Magnet grants will propel major advances in HIV cure research by complementing the existing research capacity of biomedical cure researchers with data science experts from outside the field of HIV. The collaboration will enable transformative research projects that:

  • challenge assumptions
  • provide new perspectives
  • bring emerging ideas or approaches from outside HIV cure research to advance our field.

Dataset Availability

Any ethically sourced dataset may be used in the proposed work. Data may be acquired through public or private repositories or through collaborations with scientists generating the data. Priority will be placed on projects that integrate data types and sources, or otherwise advance methodology that improves our understanding of barriers to a cure.

Funding Opportunity Description

Specific areas of interest

  • Use existing datasets to identify novel targetable biomarkers of the reservoir

The main barrier to a cure for HIV is the presence of a viral reservoir that persists despite suppressive antiretroviral therapy (ART). The reservoir consists of HIV-infected cells that are responsible for the viral recrudescence experienced by most PLWHIV once ART is stopped. Reservoir cells may be transcriptionally silent or active. Finding biomarkers of the silent and/or active reservoir would serve as the first step in targeting it for suppression or destruction and could lead to future curative interventions.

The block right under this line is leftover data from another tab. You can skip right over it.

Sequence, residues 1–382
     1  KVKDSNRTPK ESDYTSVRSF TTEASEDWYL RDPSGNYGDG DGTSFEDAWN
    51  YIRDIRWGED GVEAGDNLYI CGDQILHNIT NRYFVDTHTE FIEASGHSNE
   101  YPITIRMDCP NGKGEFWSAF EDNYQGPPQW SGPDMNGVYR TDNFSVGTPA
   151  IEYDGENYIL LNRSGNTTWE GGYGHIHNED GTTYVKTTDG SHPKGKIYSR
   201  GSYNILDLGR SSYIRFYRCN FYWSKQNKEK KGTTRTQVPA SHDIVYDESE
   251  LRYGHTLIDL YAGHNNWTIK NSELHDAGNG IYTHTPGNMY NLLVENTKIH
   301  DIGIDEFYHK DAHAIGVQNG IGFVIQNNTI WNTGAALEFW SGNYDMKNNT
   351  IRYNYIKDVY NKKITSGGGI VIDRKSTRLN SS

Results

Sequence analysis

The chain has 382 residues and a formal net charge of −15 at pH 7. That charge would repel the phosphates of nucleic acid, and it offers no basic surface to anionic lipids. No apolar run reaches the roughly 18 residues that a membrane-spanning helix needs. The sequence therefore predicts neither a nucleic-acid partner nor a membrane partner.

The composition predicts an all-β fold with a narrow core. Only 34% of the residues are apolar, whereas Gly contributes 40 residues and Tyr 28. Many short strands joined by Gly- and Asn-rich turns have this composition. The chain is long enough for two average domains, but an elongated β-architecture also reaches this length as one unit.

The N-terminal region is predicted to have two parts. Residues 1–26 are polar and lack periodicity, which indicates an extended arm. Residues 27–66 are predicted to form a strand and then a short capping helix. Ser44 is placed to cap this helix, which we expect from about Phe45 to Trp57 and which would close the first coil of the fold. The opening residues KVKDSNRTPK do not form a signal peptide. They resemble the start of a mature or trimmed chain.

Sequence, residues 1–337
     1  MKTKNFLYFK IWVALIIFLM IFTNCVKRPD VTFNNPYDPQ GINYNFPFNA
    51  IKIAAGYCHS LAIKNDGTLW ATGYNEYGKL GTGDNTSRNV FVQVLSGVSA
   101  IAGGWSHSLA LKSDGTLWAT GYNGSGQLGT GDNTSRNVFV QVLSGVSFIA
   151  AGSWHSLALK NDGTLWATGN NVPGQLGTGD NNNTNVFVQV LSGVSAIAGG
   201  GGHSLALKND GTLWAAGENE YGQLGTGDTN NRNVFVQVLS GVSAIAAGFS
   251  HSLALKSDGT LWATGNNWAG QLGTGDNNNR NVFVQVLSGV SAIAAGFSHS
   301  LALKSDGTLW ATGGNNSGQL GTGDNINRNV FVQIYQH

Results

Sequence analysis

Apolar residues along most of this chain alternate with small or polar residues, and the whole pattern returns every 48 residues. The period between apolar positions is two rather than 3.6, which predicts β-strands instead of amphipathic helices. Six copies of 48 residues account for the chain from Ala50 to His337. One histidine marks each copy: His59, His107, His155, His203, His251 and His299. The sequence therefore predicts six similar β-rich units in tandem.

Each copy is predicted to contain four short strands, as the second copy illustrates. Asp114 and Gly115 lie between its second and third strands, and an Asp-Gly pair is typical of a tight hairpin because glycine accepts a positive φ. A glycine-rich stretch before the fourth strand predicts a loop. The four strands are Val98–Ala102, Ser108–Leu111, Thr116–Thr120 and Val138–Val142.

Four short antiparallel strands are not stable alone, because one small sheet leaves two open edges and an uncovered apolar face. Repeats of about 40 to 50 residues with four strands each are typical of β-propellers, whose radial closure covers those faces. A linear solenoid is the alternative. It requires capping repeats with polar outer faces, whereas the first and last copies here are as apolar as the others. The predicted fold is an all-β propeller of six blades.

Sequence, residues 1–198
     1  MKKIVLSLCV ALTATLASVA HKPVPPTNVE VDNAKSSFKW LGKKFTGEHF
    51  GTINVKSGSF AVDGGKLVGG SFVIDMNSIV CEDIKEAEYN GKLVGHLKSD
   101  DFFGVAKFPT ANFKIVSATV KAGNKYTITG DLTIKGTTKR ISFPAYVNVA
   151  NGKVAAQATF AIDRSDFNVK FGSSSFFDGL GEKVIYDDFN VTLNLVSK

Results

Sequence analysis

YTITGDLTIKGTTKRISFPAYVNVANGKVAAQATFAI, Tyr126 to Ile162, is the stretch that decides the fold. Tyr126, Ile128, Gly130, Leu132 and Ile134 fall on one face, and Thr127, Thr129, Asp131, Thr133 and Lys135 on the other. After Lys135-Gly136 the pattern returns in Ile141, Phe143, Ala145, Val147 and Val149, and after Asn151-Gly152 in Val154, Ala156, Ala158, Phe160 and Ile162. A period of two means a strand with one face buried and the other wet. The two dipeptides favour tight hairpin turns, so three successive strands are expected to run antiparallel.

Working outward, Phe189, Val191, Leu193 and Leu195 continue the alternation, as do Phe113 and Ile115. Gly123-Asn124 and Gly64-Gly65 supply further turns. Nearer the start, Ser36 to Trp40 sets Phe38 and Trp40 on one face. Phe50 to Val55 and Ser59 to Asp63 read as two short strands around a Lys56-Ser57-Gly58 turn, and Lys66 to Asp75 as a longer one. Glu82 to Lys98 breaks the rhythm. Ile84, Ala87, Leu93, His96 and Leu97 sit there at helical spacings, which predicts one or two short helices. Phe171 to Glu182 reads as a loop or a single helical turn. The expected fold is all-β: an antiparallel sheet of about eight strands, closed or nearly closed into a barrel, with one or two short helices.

• Use existing datasets to identify novel intrinsic or extrinsic mediators of reservoir persistence

Reservoir persistence may be mediated by intrinsic and/or extrinsic factors. Intrinsic factors include processes contained within the infected reservoir cell, such as transcription, translation, or other cell processes. Extrinsic factors are those that originate outside the reservoir cell. Some of the most commonly studied extrinsic factors include the activity of CD8 T cells or antibodies. However, reservoir latency may also be modulated by non-immune cells, or soluble factors or processes. Emerging data from the cancer field suggests that the tumor microenvironment, such as osteoclasts, can significantly affect the dormancy of myeloma cells by reprogramming their gene activity. In addition, the lymph node structural environment, such as fibroblastic reticular cells, can regulate T-cell activation, which may be important for reservoir reactivation. Thus, a variety of cells, factors or processes that have received less attention in the context of HIV may have important consequences for reservoir dynamics.